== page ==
Now the title is gonna make you think I didn’t like Iron Man. But I did. I enjoyed it. Robert Downey Jr. is not the most conventional superhero actor–and he definitely brings a new level of cycnism and self-deprecating humour to the superhero idea. The heart-device is completely cool–and makes our hero vulnerable. There’s great stuff here that stretches the superhero genre. But I’m noticing something about Marvel superhero movies that is making me just a little…well…concerned.
Iron Man had a great beginning. Starting the movie with a horrendous attack in Afghanistan, it then brought us back in time 36 hours to show how things got so wonky for Mr. Tony Stark. Usually superhero movies stick to straight biopic rules–start us at childhood, move us forward—but I like this prelude dug out from the middle of the movie. Then it brought us up to where we began and put him in Afghanistan, with terrorists. This was such a bold plot move by the writers–to make Iron Man contemporary, to make him relevant. (Why didn’t they stay there?)
When terrorists begin to rebuild Iron Man version 1, and have a Jericho missile (missiles that look like fireworks–fun!) and threaten to fire it –and do– then the unique story of hero facing war in the middle east takes a left turn back into cliche. Iron man zooms over and takes care of pesky, GOOD, plot with one shot.
Inevitably, in these superhero movies, one hero must face one villain (or in the case of Spidey 3, 3 villains!) and inevitably it must be someone with mucho screen time, who is close to our hero who decides to follow in the footsteps of the hero and brazenly “duplicate” the process of “transformation”. Abomination in Hulk; souped up Jeff Bridges in Iron Man; even in some ways, Venom (the “copy” of Spiderman) in Spidey 3 (the Goblins earlier, the mad Doc Oc).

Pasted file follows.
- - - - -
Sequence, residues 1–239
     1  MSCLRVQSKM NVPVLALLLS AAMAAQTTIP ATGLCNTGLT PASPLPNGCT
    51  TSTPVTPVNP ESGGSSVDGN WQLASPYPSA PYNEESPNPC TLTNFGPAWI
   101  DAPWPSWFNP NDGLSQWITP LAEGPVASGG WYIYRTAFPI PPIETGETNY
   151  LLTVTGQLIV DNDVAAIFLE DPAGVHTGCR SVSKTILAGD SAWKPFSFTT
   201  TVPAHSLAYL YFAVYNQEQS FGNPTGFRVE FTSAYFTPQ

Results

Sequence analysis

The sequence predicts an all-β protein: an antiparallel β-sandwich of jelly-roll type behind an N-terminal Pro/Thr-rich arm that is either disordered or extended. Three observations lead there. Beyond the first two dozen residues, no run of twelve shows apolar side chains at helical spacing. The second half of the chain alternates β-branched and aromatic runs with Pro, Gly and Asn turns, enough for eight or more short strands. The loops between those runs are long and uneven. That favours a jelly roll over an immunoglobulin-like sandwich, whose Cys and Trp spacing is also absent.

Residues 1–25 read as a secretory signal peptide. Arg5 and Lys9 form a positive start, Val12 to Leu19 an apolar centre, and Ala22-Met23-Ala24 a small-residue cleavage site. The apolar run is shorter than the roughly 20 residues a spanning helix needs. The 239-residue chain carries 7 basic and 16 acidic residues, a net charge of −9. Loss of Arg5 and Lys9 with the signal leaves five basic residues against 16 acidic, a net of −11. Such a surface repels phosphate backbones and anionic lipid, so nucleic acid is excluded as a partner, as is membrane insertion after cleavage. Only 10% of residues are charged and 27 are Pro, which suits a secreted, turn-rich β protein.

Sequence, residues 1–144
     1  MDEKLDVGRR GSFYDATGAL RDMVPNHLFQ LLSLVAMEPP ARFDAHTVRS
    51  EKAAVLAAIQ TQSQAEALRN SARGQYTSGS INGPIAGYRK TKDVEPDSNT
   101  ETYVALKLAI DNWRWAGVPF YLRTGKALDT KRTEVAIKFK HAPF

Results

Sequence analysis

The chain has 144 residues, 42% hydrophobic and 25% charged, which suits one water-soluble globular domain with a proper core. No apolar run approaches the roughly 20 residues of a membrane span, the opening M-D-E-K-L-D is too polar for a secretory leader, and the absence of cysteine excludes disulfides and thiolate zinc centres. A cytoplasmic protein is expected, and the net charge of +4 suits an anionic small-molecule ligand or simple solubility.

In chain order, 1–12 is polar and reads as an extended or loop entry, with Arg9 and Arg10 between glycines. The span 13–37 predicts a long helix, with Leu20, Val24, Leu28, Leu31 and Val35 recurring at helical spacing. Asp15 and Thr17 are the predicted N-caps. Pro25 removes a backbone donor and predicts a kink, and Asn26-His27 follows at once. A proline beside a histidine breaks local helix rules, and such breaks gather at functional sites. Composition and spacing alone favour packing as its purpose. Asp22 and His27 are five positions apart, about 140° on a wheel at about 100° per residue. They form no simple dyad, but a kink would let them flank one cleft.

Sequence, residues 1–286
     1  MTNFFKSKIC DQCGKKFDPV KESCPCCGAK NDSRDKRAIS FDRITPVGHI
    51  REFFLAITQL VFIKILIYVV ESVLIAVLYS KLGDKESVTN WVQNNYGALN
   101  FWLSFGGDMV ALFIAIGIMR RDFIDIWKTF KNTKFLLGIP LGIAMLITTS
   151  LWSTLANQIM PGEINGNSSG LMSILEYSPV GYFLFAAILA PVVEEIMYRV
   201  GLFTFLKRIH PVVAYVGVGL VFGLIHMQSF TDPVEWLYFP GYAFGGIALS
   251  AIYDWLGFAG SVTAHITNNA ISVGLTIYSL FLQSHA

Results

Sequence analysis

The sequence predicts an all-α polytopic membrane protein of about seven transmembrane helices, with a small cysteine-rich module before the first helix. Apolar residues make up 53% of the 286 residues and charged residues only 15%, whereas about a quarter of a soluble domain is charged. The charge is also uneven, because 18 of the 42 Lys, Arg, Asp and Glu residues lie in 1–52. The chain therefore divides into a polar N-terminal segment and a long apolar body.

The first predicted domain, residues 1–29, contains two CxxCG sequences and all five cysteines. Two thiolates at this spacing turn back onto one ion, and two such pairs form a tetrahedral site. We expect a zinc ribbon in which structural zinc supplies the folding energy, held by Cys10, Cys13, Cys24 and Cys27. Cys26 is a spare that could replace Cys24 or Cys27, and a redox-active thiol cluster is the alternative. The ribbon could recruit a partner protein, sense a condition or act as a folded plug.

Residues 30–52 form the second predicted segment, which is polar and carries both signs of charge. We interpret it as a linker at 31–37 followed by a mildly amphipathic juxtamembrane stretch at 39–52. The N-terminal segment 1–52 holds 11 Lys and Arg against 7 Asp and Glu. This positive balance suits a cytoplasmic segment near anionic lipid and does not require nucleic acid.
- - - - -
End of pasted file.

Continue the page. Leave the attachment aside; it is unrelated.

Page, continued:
But what a story Iron Man left behind! Weapons manufacturer held hostage by Afghani terrorists who turns the table on them–shown to a theater of people who are longing for an end, or any victory, in this war; why didn’t they just send Iron Man back into the fray again and again? They could have shown us that the issues were complicated, the fixes not so easy and that Iron Man was really one big Tank as hero–a suit of armor with weapons. Tony Stark is still a weapon–he’s manufactured himself as a weapon. He has not changed, in a sense, though he has foregone making money from the weapons industry–a huge difference. But that’s not really followed up on because we’ve got to move this plot towards Jeff Bridges and the one-on-one shoot ’em up which has become the hallmark of superhero movies.
Perhaps superhero movies have been influenced by the game industry, pitting the largest foe at the end of the movie–a foe that is his “equal” if not his doppelganger. But then, it could just be adventure plots which nearly dictate that a climax has to be between the protagonist and the antagonist. It’s just that Jeff Bridges was the B-class antagonist and the Afghanis were so much more interesting. More complex. It is their style of fighting–which resists making one man a central figure (Bin Laden is not in control in Iraq–Al Queda is a hydra with many heads, hence the difficulty of defeating it)–which challenges the antagonist-protagonist motif.
Wouldn’t you like a movie that dealt with the issue of the war from a superhero POV? We almost had it. And then Iron Man went on autopilot.
Still Iron Man is a great movie for what it is: two hours of great entertainment. Robert Downey Jr at his best. Jeff Bridges looking cool as a bald, bearded guy. Gwenyth Paltrow as Pepper Potts. Dialogue is snappy. There’s lots of good joke moments. Rent it and enjoy. But I had a writing teacher tell me this once: “The good is the enemy of the best.” And here, I think this is a good movie that wanted to be the best.
For another thought on this movie–and a four star rating–read Roger Ebert, my hero.